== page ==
Export of bicycles from the country is up. Manufacturers registered 58 per cent export growth year-on-year to $130 million in fiscal 2020-21, according to the Export Promotion Bureau (EPB) data. Given of course the small base, the growth may not look like a major achievement. What, however, is important in this regard is the quick entry of Bangladesh-made bicycles into the developed markets. Although manufacturing the two wheelers began in the country sometime ago, the purpose was ostensibly to cater to domestic market-- that too only partly.
Within years, the production line has expanded with more entrepreneurs including a foreign venture joining the industry, and exporting has figured as a key objective. Against this backdrop, the growth of export is no mean accomplishment, for sure.
The European Union's statistical wing, Eurostat, furnished a comprehensive picture of the expansion of Bangladesh's bicycle export to the European markets. It says, Bangladesh has struck a major breakthrough in exports to the European markets since 2010. It was in that year that Bangladesh's export of bicycles to Europe, measured in terms of ranking, rose to fifth position from tenth in the preceding year. The ranking has substantially improved in the following years as, according to Eurostat, in 2017, Bangladesh became the third-largest exporter of bicycles to the UK and the EU.
The current growth is attributed to people's preference for the environment friendly, social distance-friendly two wheelers -- a safer mode of commuting instead of using public transport. Clearly, covid-19 has had a positive impact on overseas marketing. And since market access has been successfully done, industry insiders are hopeful of expanding and diversifying their range in export, particularly to the European markets. At present, eight companies in the country export bicycles, two of which are in the Chattagram Export Processing Zone (CEPZ). Besides, there are bicycle manufacturing companies in Dhaka, Gazipur, and Sylhet. Malaysian company Alita (BD) pioneered bicycle exports from Chittogram back in 1995 with the export of 37,000 bicycles to the UK. Soon other manufacturers followed suit. About 30 to 40 per cent of the raw materials for making these bicycles come from China, India, Malaysia, Indonesia, and Vietnam.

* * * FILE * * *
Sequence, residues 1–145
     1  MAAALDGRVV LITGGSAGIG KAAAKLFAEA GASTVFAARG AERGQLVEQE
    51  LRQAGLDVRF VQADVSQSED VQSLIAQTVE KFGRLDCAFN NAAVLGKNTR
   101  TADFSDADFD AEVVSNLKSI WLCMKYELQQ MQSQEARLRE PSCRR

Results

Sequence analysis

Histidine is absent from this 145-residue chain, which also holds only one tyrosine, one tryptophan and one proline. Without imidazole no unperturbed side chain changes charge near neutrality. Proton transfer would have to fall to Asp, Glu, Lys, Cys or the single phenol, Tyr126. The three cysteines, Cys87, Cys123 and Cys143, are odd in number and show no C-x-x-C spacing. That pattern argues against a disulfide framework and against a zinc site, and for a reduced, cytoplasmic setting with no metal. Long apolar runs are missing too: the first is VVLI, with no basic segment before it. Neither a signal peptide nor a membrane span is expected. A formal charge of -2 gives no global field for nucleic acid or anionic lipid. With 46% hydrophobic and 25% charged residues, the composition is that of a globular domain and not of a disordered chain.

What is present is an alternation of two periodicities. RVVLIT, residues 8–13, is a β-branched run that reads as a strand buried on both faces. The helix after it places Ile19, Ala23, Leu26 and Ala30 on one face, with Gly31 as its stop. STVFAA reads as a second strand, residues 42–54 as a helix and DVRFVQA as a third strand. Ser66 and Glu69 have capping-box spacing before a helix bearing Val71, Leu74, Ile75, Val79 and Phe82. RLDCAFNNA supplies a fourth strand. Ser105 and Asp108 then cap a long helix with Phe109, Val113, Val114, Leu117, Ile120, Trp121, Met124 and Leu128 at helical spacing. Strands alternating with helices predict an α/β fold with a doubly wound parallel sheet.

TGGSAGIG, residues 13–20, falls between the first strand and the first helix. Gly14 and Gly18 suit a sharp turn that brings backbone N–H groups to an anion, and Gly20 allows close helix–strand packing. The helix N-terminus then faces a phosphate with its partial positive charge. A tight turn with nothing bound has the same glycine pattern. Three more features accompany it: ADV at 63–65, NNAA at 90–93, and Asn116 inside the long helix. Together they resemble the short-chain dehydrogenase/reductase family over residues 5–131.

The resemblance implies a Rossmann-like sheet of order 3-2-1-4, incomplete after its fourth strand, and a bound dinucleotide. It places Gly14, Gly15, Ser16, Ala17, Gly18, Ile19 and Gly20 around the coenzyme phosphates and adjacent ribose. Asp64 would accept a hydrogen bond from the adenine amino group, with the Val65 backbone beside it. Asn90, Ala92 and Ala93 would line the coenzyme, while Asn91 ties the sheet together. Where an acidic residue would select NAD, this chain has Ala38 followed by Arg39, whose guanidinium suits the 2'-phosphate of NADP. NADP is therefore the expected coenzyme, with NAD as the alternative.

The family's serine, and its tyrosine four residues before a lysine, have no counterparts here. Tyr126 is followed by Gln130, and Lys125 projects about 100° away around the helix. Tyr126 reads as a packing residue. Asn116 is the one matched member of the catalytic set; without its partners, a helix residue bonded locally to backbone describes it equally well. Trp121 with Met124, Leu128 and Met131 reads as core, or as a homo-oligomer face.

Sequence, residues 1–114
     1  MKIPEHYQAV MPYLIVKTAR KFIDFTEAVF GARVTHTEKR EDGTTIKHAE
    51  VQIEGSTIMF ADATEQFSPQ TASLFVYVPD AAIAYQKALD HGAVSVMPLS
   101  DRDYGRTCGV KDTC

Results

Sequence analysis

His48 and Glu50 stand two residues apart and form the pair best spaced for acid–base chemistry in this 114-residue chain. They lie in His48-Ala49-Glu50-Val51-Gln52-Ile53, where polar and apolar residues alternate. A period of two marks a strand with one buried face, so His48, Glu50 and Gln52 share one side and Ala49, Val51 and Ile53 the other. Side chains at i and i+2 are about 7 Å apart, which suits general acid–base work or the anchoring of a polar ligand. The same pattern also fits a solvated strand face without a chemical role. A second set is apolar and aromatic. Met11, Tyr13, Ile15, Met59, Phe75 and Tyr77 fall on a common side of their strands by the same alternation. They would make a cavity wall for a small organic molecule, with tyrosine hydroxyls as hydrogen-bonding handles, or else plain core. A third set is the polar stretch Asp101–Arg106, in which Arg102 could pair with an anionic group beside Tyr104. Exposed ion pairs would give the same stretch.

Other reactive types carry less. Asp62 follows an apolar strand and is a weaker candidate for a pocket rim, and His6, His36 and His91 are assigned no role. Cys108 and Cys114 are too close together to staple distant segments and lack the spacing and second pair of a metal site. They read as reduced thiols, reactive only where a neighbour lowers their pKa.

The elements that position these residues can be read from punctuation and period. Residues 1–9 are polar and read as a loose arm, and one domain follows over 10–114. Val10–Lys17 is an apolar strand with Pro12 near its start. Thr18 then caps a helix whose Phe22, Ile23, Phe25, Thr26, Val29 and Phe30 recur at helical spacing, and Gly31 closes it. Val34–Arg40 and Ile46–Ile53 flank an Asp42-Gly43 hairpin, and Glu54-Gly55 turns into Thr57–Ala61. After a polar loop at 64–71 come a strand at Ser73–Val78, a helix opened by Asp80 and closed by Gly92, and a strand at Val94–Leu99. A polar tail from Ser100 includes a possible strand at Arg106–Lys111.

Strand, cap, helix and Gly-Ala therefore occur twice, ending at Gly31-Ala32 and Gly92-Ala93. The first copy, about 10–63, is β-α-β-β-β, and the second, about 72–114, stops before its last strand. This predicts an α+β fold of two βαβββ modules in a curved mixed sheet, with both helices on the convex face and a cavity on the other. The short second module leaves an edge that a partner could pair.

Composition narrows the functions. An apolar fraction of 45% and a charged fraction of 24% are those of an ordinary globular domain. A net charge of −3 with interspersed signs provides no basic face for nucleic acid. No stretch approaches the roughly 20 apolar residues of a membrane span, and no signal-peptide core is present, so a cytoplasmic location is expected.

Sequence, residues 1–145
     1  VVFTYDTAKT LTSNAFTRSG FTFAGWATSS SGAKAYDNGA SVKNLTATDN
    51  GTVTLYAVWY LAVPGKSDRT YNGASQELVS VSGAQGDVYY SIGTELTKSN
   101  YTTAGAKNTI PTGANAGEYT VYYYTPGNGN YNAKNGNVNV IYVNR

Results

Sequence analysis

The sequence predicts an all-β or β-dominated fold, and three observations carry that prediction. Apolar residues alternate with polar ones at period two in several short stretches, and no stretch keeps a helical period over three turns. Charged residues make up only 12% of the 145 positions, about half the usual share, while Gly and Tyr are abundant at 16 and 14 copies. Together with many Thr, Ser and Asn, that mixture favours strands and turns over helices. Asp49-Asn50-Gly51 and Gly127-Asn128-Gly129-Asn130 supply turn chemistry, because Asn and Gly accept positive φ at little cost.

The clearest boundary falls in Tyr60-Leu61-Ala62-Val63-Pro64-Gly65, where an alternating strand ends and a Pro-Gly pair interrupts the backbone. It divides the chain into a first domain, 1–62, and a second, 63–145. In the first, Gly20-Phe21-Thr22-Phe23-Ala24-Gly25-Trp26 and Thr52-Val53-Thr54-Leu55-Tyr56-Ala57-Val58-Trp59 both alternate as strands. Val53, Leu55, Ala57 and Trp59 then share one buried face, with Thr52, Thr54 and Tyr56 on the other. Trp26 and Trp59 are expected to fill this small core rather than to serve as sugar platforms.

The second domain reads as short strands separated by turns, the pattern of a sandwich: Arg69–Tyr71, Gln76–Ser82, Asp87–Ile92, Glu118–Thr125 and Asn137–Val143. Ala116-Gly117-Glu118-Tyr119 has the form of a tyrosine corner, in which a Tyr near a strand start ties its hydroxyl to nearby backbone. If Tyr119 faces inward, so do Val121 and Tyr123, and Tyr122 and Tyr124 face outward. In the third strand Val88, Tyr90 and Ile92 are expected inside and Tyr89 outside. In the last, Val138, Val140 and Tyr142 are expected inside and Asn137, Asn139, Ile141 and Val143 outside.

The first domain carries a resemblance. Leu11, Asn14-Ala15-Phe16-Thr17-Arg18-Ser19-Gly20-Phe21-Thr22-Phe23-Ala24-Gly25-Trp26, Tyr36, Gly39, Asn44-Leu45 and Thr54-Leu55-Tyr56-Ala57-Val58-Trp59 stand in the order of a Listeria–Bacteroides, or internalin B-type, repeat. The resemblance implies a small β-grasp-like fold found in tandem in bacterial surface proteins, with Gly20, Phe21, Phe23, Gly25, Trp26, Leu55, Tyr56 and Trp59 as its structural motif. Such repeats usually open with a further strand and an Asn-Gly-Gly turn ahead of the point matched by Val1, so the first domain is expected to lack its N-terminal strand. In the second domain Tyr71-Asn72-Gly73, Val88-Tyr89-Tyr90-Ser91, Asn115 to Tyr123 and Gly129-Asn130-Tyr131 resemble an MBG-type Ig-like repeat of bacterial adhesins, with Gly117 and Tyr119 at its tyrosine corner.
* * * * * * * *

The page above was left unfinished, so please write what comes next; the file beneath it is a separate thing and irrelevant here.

With exports growing, it is also encouraging for the industry to see a boom in local market. Bicycle riders have been increasing in the country, to the extent that surge in bicycles sales in local markets tends to suggest the growth trend as highly promising, coupled with the potential of expansion in bicycle manufacturing. The market is fast growing, and the share of locally produced bicycle is increasing. According to information made available by the bicycle merchants' association, presently there are more than 200 retail bicycle outlets in the country.
Although the number of manufacturing plants in the country is only a few, the growing demand and trends in increased sales have motivated the plant owners to plan their production targets at much higher levels than they had been doing in the past years. To meet the increasing demands, new entrepreneurs are also set to go for bicycle manufacturing in a big way to cater to both domestic and overseas markets.
It has been learnt from reports that over the recent years there has been an increase of 30-40 per cent in local sales, and annual consumption is estimated at half a million pieces. A major segment of the high and middle-end bicycles is import-dependent. A number of reputed manufacturing groups have been producing quality bicycles for local markets as well as for exports to some target markets in Europe.
Prospects of exporting are a great stimulus for the manufacturers who, it has been learnt, are quite upbeat about a remarkably increased share in global bicycle exports. Concerned quarters are of the opinion that due to discrepancies in the duty structure of spares and imported bicycles, the manufacturing sector is not getting the right boost it deserves in the wake of the increased demand both at home and abroad.
With the rise in exports coupled with growing domestic demand, further expansion of this prospective sector needs to be planned in a sustainable way. Facilitating the sector by way of support in production and marketing, harmonsing the duty structure, and necessary fiscal incentives need to be firmed up in consultation with the stakeholders. It has been learnt that the manufacturers have already asked for some facilitations from the government in terms of fiscal and financial incentives.
In a very recent move, the government has decided to provide 4.0 per cent cash incentive for bicycle export which, no doubt, is inspiring. However, beyond cash assistance, it is planning that matters most.
Given the country's emerging manufacturing base supported by semi-skilled and skilled workforce in the sector, it is expected that this nascent industry would be able to perform better with well planned facilitating measures.